On December 2, 2010, Russia were awarded the hosting rights for the 2018 World Cup. A story which received little national airtime then or since was the disastrous link between that decision and my own football club, Plymouth Argyle.
England was one of Russia’s leading competitors for the tournament and Argyle was earmarked as a host venue should the FA win the bid. But, of course, they didn’t – and the club was thrust into millions of pounds of debt after the owners gambled its future on something which was never likely to happen.
After suffering a double relegation and administration, the club was literally minutes from going under. Plymouth Argyle was saved because of the loyalty of the staff and players, but also because the supporters refused to let it die.
Through the creation of a Fans’ Trust, an innovative online campaign and series of direct actions we were able to pull Argyle back from the brink. But we were the lucky ones. Since then, Bury have gone bust – depriving a community of a focal point, a sign of hope and solidarity.
The same supporter-led direct action is now needed across all football clubs. Let’s be clear: football’s super-rich owners are pushing to create a European Super League because they think they will get away with it – and the truth is, they have been doing so for years.
The creation of the Premier League in 1992 (fuelled by television revenue), parachute payments making promotion from the Championship more difficult each year and the influx of sheikhs, tycoons and oligarchs were all signals that the traditions of our game and the rights of supporters came after making money.
And let’s not pretend that this is the first time elite clubs have been allowed to opt in and out of competitions. The decision in 2000 to allow Manchester United to skip the FA Cup in order to participate in an international branding exercise was a signpost on this road – and the FA Cup, part of the fabric of our game throughout the leagues, has never been the same since.
What we cannot fall into now is a choice between a set of organisations whose regard for the average football supporter varies from poor to shameful. The Premier League, UEFA or FA cannot be the benchmarks for working people and our game. Our job is not to defend the status quo, but to fight for something better.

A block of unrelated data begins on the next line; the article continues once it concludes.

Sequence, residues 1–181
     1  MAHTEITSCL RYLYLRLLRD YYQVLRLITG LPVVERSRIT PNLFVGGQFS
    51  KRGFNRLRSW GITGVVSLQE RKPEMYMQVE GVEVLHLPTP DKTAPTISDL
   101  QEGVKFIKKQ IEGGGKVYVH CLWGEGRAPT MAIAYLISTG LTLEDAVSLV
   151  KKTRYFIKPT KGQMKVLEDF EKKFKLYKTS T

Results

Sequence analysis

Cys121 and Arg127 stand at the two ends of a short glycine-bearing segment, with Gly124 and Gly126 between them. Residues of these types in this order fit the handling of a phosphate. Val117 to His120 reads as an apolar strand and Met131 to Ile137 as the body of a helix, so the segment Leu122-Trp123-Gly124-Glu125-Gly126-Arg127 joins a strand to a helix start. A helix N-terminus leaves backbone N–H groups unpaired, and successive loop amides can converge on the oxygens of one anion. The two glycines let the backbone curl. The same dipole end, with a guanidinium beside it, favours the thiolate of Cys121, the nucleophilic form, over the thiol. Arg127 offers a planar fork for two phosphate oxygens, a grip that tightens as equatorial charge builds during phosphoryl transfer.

The existing elite organisations of English, European and world football have failed our game. They have allowed this situation to emerge – and the proof is there in the new proposal for the Champions League, where UEFA wants to allow super clubs who don’t qualify to participate through a ‘historic coefficient.’ That is just the Super League Light.
Football fans must now do what these organisations least expect. We must make this a line in the sand and deliver a mass, coordinated campaign to change the game. There are some brilliant supporters organisations and Fans’ Trusts out there. They can be joined by trade unions and the labour movement. It’s time to remind ourselves that football is a game played on grass, not TV sets.
This is the moment to tackle all the ills of our game: parents paying £100 for a constantly changing replica kit that costs pence to make, Premier League clubs admitting that ticket revenue is peanuts when compared to their TV payments yet still brazenly ripping off season ticket holders and fans. Kick off times leaving supporters travelling hundreds of miles on a Friday night or Sunday afternoon.
All of these things have been forced on us without any true response. And the same can be said of ownership – why should we accept that our clubs, with all their history, with all the work that went into building them up over decades, should be owned by millionaires and billionaires with no connections to our communities?
Big business sees this moment as an opportunity to strengthen its grip on the beautiful game. We must see it as a one-off chance to reclaim what is ours. Let’s organise, let’s campaign and let’s return football to the people.
A few years after Plymouth Argyle were saved from extinction, we were drawn at Jürgen Klopp’s Liverpool in the FA Cup. We returned home with a 0-0 draw and a replay. It was a moment that me, my son and the 9,000 travelling Pilgrims will remember for the rest of our lives. That’s the magic of football and that’s what we are fighting for.
We can win this. The owners have forgotten the old saying: football without fans is nothing. But if all else fails, I am claiming Argyle’s fourth division title in 2002 and third division championship in 2004 as reason enough for us to gain entry to the Super League. We have as much right as Spurs! Which is no right at all.